Multimodal in vivo recording using transparent graphene microelectrodes illuminates spatiotemporal seizure dynamics at the microscale

Nicolette Driscoll, Richard E. Rosch, Brendan B. Murphy, Arian Ashourvan, Ramya Vishnubhotla, Olivia O. Dickens, A. T.Charlie Johnson, Kathryn A. Davis, Brian Litt, Danielle S. Bassett, Hajime Takano, Flavia Vitale

Research output: Contribution to journalArticlepeer-review

25 Scopus citations


Neurological disorders such as epilepsy arise from disrupted brain networks. Our capacity to treat these disorders is limited by our inability to map these networks at sufficient temporal and spatial scales to target interventions. Current best techniques either sample broad areas at low temporal resolution (e.g. calcium imaging) or record from discrete regions at high temporal resolution (e.g. electrophysiology). This limitation hampers our ability to understand and intervene in aberrations of network dynamics. Here we present a technique to map the onset and spatiotemporal spread of acute epileptic seizures in vivo by simultaneously recording high bandwidth microelectrocorticography and calcium fluorescence using transparent graphene microelectrode arrays. We integrate dynamic data features from both modalities using non-negative matrix factorization to identify sequential spatiotemporal patterns of seizure onset and evolution, revealing how the temporal progression of ictal electrophysiology is linked to the spatial evolution of the recruited seizure core. This integrated analysis of multimodal data reveals otherwise hidden state transitions in the spatial and temporal progression of acute seizures. The techniques demonstrated here may enable future targeted therapeutic interventions and novel spatially embedded models of local circuit dynamics during seizure onset and evolution.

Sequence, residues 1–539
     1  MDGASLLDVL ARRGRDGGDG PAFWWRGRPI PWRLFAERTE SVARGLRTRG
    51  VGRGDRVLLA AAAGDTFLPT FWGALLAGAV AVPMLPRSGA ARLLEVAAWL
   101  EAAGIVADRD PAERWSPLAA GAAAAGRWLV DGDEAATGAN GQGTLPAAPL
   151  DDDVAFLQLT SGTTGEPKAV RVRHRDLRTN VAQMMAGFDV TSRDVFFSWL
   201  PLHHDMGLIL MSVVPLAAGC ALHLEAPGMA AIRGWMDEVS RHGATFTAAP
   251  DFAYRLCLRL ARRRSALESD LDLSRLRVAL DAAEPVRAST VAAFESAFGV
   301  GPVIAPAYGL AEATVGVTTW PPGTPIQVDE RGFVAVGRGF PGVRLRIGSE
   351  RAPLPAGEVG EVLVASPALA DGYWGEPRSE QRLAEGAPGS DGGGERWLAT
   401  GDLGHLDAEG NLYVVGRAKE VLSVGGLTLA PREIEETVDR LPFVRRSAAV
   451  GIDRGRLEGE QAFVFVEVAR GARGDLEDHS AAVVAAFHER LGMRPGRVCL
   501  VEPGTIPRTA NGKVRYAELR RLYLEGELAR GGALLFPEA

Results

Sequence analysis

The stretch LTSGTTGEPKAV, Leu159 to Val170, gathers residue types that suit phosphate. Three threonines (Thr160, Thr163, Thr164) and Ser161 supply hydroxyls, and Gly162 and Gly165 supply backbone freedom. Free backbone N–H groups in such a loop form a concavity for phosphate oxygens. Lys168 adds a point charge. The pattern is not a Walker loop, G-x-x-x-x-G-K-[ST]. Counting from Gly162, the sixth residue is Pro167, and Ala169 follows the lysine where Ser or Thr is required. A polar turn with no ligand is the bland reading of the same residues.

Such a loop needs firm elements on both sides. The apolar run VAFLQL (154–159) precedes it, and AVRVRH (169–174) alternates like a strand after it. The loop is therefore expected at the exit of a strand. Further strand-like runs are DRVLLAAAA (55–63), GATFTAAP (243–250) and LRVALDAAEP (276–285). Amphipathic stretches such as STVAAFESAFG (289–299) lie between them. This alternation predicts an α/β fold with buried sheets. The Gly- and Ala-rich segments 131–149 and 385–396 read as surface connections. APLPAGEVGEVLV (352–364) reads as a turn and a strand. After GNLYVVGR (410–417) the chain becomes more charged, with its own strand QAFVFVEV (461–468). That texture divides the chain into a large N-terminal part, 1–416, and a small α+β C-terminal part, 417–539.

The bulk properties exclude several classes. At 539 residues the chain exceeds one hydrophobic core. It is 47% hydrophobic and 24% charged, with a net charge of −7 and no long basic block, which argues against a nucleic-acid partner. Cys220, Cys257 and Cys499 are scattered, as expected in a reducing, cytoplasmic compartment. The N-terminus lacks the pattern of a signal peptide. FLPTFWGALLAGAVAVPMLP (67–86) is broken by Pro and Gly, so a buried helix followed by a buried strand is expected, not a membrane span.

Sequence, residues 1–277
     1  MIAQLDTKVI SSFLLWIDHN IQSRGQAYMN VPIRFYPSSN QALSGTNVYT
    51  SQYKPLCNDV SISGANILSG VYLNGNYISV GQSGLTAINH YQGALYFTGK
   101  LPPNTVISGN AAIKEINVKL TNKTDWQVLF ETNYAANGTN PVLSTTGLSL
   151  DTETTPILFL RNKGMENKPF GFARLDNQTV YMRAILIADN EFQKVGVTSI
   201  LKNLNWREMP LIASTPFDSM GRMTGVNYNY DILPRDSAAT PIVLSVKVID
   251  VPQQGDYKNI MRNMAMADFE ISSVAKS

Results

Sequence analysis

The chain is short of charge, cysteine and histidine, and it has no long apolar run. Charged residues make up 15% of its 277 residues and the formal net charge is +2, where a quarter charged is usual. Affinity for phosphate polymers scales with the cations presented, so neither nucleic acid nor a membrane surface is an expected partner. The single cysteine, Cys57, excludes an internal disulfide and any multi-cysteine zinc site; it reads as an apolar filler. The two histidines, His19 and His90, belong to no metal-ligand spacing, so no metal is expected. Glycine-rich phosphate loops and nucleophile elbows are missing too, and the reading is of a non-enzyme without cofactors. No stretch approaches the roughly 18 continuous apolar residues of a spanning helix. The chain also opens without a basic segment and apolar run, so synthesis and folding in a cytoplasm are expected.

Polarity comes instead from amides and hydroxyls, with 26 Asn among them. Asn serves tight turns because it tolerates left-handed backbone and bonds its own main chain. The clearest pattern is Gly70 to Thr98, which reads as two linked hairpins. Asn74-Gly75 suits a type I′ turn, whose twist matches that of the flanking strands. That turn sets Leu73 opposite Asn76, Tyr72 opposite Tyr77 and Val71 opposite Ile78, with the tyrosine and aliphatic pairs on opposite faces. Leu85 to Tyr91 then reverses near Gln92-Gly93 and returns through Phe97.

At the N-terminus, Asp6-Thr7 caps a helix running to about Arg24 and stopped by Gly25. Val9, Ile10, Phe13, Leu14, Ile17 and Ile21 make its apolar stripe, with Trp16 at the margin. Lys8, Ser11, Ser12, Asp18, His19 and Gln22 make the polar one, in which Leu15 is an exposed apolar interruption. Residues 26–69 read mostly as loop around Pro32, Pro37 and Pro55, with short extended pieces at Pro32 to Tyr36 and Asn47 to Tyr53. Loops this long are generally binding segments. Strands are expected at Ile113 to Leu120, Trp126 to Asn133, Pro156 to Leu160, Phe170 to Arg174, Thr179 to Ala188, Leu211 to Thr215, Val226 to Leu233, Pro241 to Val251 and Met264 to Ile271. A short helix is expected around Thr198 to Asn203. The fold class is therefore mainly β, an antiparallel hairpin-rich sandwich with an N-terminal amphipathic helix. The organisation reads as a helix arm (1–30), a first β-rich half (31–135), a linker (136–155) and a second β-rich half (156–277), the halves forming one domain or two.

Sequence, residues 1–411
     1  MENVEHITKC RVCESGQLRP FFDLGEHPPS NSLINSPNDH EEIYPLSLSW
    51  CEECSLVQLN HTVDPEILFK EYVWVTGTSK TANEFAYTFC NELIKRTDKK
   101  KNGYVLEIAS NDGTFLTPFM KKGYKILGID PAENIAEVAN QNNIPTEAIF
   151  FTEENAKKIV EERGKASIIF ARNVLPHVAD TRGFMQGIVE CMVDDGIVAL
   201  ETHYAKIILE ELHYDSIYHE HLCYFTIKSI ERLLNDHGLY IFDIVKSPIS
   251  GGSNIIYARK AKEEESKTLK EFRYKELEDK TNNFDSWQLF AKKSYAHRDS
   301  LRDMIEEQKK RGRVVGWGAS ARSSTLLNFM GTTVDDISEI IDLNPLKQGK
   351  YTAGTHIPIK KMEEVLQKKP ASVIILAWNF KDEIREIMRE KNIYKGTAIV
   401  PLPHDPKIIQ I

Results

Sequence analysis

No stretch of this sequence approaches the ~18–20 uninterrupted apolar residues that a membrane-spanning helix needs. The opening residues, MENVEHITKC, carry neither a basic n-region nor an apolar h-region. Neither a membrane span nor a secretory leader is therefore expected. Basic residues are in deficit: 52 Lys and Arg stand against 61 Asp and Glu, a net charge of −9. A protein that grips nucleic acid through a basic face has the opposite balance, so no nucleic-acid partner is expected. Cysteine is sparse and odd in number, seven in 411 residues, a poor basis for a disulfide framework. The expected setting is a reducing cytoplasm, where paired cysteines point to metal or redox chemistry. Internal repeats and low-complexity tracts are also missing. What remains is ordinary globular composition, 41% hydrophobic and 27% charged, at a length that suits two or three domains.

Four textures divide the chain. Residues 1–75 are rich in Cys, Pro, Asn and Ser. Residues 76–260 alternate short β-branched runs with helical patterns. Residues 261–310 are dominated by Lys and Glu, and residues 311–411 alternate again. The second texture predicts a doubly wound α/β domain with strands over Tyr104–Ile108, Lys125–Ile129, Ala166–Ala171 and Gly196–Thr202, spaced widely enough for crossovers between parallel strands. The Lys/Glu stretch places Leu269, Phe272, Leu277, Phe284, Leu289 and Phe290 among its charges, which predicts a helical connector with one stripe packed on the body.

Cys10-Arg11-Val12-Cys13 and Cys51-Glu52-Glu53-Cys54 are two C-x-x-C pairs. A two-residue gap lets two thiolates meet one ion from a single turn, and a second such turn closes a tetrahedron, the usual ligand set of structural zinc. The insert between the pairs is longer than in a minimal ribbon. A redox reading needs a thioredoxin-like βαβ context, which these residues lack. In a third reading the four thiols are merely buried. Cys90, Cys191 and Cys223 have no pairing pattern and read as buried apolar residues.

Original languageEnglish (US)
Article number136
JournalCommunications Biology
Issue number1
StatePublished - Dec 2021

All Science Journal Classification (ASJC) codes

  • Medicine (miscellaneous)
  • General Biochemistry, Genetics and Molecular Biology
  • General Agricultural and Biological Sciences


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